It’s not the rarest of occasions, the opening of a new fish and chip outlet in a seaside town. Frankly, it happens pretty regularly. Some chippies stay the course for decades – or in the case of Stotesbury’s, Newport, over a century. But whenever new hands take up the fryer, locals do tend to pay a bit of attention. After all, a really good fish and chip shop is going to be an asset to the town. And everybody likes chips, right?
Thus Matt and Cat paid close attention when they heard that central Ryde chip shop Alexander’s had closed down, and shortly afterwards reopened under a new name – Tony’s. The quality of fish and chips in Ryde has been the subject of heated debate on these pages in the past, and so pretty soon M&C made it their business to get down to Tony’s and find out whether it was any good.
Large cod £4.90
Large chips £2.40
Regular cod £3.90
Regular chips £1.60
Takeaway chips on the way home from a busy day – it’s a British tradition that your reviewers are proud to uphold. Matt was at home, laying the table and polishing the cutlery, whilst Cat queued up at Tony’s. The little counter was chocker with staff; a couple of ladies fussed about and a chap further back seemed to be doing the cooking. He cooked Cat’s fish to order and, while she was waiting she had a peek around the restaurant. There was plenty of seating.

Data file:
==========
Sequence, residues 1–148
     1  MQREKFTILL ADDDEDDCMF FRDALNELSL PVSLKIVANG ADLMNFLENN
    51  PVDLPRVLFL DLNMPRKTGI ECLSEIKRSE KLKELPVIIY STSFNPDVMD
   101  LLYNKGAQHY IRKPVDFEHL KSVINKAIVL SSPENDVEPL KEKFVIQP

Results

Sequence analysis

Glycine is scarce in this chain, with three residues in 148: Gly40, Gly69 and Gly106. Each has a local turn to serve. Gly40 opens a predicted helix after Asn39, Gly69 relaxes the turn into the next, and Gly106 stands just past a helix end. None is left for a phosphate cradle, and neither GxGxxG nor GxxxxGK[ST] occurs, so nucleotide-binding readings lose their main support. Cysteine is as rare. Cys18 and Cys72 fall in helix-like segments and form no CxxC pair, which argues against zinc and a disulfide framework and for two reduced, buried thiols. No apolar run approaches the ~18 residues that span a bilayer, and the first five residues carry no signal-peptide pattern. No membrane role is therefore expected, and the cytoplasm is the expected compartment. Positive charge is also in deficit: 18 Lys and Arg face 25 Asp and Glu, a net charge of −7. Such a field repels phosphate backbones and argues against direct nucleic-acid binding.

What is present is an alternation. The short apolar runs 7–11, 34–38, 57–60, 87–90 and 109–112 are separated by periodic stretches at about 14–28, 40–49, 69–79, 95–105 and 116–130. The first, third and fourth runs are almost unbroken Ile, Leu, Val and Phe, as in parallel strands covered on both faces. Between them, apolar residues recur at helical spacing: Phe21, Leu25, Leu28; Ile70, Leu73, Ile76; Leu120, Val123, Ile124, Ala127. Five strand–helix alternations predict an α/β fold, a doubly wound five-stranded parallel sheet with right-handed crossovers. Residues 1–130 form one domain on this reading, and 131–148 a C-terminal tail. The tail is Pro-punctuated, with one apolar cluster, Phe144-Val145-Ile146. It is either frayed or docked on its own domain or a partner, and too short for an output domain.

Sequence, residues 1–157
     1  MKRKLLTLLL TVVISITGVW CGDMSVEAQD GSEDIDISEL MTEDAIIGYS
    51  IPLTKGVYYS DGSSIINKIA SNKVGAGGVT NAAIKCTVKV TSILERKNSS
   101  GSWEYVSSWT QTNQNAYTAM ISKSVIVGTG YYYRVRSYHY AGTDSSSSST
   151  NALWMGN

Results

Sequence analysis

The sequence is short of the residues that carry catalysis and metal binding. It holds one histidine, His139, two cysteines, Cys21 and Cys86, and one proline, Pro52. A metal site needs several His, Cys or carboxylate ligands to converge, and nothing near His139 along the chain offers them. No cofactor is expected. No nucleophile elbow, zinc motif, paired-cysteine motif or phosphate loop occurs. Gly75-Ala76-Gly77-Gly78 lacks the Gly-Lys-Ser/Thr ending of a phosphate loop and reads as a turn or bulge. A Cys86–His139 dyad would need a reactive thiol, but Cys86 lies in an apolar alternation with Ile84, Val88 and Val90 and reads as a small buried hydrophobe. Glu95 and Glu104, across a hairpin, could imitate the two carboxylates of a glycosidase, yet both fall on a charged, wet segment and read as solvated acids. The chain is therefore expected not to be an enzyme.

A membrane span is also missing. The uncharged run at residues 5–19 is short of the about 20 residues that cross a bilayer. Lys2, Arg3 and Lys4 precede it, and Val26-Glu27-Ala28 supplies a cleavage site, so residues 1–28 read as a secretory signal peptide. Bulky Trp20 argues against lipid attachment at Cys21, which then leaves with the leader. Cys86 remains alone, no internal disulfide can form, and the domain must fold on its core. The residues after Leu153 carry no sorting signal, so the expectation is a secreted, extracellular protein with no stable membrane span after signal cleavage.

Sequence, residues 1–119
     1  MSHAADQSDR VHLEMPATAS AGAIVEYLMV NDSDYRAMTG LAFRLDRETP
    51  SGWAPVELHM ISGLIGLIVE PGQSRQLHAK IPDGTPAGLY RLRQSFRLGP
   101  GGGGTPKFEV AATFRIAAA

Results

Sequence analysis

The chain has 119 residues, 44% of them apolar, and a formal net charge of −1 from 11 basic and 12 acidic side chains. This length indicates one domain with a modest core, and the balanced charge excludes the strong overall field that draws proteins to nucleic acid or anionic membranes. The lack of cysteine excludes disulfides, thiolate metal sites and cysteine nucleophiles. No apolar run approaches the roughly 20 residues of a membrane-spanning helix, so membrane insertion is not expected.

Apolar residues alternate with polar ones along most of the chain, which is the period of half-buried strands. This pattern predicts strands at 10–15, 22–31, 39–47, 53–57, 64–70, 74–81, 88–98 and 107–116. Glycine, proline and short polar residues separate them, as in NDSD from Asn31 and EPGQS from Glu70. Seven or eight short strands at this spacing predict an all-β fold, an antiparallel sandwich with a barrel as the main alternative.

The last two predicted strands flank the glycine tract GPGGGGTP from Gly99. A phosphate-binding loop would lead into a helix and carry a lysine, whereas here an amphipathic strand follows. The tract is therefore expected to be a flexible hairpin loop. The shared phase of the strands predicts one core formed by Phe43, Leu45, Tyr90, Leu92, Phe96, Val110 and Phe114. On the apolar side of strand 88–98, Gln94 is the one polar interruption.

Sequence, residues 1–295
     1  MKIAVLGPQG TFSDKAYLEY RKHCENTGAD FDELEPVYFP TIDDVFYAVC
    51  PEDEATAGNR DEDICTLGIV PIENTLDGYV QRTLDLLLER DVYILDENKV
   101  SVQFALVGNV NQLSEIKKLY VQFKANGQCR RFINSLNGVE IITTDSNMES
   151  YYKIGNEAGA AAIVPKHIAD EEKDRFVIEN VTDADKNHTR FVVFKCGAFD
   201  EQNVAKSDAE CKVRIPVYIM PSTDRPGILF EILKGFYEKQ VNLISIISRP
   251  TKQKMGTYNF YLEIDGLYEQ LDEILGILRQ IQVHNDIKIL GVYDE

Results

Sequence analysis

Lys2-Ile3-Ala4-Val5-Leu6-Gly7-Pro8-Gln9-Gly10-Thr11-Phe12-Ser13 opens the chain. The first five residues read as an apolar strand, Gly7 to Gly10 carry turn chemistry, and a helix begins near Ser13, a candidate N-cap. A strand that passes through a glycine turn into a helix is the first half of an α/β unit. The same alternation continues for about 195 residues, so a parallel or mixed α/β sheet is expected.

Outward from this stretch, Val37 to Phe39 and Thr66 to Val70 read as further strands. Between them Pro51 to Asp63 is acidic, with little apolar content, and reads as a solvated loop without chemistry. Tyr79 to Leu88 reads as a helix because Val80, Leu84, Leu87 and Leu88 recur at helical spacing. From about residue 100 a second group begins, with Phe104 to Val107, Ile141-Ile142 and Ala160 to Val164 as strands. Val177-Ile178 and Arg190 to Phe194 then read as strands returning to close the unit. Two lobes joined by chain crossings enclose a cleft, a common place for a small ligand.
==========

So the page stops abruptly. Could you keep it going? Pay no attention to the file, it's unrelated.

Once home, the fish and chips could be given some scrutiny. First impressions were not entirely favourable – the portions were generous and suitably cooked, but the chips themselves appeared to be a massive pile of ‘bits’. The inclusion of a handful of bits is usually a good thing, but it should never be the bulk of the meal. A minority of decent-sized chips were on top, but underneath, where the bags of chips had settled, was a mass of tiny fragments. Perhaps they ought to be called ‘chippings’.
Still, there was always the fish. That was actually a lot better than the chips. With no large cod available Matt had been given two medium cod for the price of a large – a pretty generous substitution. And the fish was moist and tasty, with a good coating of crisp batter. Good marks for that.
By the end of the meal, both Cat and – remarkably – Matt had been defeated by the chips, and a large proportion of them hit the bin, uneaten. Even the reasonable fish didn’t manage to compensate – those chips just were not up to the mark. With the mighty Wight’s just around the corner Tony’s is going to have to try harder then this.